if err.response["Error"]["Code"] == 'ConditionalCheckFailedException':
            raise ValueError("Sensor doesn't exist") from err
        else:
            raise err

Note that this removes items from the measurement list based on their index in the list (0-based). I’ve also added a condition that verifies the item exists before we remove a value. This is actually optional as it wouldn’t fail without it. In my case I want it to fail if it can’t find the item, because something clearly has gone wrong and I want to be notified of that fact.

Appending to a list and updating a specific value at the same time

The last use case is an edge case. Suppose we want to change the value of an existing measurement at any point of the list and append a new measurement at the end. Easy, you might think - just combine list_append and the regular set-a-value syntax. Unfortunately that doesn’t work (see this stackoverflow question for an example) and you’ll get an error like this:

Two document paths overlap with each other; must remove or rewrite one of these paths

Fortunately there is a neat workaround for this. When you set a high index on your update call that is outside of the range of the list, the value will be appended to the end.

import typing

import boto3
import boto3.dynamodb.conditions as conditions

from botocore.exceptions import ClientError

TABLE_NAME = "list-demo"

def change_first_and_append(sensor_id: str, new_first: int, to_append: int):
    table = boto3.resource("dynamodb").Table(TABLE_NAME)

    try:
        table.update_item(
            Key={
                "PK": f"S#{sensor_id}",
            },
            UpdateExpression=f"SET #m[0] = :new_first, #m[1000000] = :new_last",
            ExpressionAttributeNames={
                "#m": "measurements",
            },
            ExpressionAttributeValues={
                ":new_first": new_first,
                ":new_last": to_append
            },
            ConditionExpression=conditions.Attr("PK").exists()

        )
    except ClientError as err:
        if err.response["Error"]["Code"] == 'ConditionalCheckFailedException':
            raise ValueError("Sensor doesn't exist") from err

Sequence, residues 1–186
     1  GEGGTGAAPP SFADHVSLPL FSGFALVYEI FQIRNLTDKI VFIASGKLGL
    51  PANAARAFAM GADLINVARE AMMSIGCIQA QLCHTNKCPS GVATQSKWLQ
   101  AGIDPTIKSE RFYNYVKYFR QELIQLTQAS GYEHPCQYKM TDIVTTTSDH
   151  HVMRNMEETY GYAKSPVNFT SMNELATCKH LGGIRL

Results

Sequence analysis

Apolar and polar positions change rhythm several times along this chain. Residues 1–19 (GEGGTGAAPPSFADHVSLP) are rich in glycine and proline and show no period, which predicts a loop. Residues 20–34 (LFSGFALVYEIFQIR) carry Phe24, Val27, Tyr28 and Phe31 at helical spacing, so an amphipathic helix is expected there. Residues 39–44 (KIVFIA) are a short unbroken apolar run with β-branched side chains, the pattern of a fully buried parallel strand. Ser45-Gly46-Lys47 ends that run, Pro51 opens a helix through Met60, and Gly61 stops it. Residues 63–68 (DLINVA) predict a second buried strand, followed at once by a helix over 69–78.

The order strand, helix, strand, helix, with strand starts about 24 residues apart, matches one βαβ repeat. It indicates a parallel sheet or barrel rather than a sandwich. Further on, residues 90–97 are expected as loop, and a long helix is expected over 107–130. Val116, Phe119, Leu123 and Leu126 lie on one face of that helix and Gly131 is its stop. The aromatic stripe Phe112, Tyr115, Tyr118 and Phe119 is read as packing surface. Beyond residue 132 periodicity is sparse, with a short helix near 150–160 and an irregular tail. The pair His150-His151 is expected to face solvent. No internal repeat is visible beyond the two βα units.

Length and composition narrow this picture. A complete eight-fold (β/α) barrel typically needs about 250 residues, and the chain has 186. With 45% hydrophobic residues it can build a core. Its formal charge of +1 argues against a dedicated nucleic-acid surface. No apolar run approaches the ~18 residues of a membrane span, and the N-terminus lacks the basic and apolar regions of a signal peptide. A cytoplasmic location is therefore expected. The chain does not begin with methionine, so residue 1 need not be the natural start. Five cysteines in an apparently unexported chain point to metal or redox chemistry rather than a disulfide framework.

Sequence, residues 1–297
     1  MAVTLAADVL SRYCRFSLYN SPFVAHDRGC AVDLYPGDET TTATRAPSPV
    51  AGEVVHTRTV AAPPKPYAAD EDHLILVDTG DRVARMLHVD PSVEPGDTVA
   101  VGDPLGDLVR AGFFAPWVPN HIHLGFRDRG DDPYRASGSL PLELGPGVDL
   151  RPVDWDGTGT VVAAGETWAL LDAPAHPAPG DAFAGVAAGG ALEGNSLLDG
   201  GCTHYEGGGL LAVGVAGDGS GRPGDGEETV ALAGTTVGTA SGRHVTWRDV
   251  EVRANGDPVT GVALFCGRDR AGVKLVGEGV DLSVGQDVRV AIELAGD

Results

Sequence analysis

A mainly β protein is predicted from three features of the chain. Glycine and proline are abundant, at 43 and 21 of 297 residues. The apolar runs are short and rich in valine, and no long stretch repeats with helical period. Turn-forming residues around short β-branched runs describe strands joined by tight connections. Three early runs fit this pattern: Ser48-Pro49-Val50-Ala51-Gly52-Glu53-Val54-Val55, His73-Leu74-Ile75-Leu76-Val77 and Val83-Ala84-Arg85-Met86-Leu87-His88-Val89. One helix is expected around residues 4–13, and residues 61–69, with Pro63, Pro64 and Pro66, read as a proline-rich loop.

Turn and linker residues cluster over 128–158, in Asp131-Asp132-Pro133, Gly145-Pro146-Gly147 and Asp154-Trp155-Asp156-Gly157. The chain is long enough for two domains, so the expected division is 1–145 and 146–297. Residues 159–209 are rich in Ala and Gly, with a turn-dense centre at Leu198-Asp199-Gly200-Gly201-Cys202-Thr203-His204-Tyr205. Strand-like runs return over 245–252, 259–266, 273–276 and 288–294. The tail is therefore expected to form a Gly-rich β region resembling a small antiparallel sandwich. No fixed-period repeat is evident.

else:
            raise err

I’m using this property to avoid the aforementioned error. In this case I know that my list will have fewer than 1.000.000 entries, so I’m using 1.000.000 in the update expression (SET #m[0] = :new_first, #m[1000000] = :new_last) to essentially append the value to the list. I was surprised when I learned about this behavior in the stackoverflow question I linked to, but it’s well documented:

When you use SET to update a list element, the contents of that element are replaced with the new data that you specify. If the element doesn’t already exist, SET appends the new element at the end of the list.

If you add multiple elements in a single SET operation, the elements are sorted in order by element number.

Limitations

Working with and updating lists has a few limitations at the moment:

  • You can’t remove items based on their position from the end of a list (something like list[-1] to address the last item isn’t possible as it would be in pure Python)
  • You can’t have a condition that checks if an item exists in a list
  • There is no way to enforce a data type for a list, you’d have to use a set for that, which has the drawback of not being ordered
  • It’s unfortunately impossible to have list-based sort keys and filter based on that (although this would be really cool)

Conclusions

Working with lists is fairly easy in DynamoDB, although there are some quirks to it. If you have more of these to share, feel free to reach out to me on the social media channels in my bio, I’m happy to add them here.

— Maurice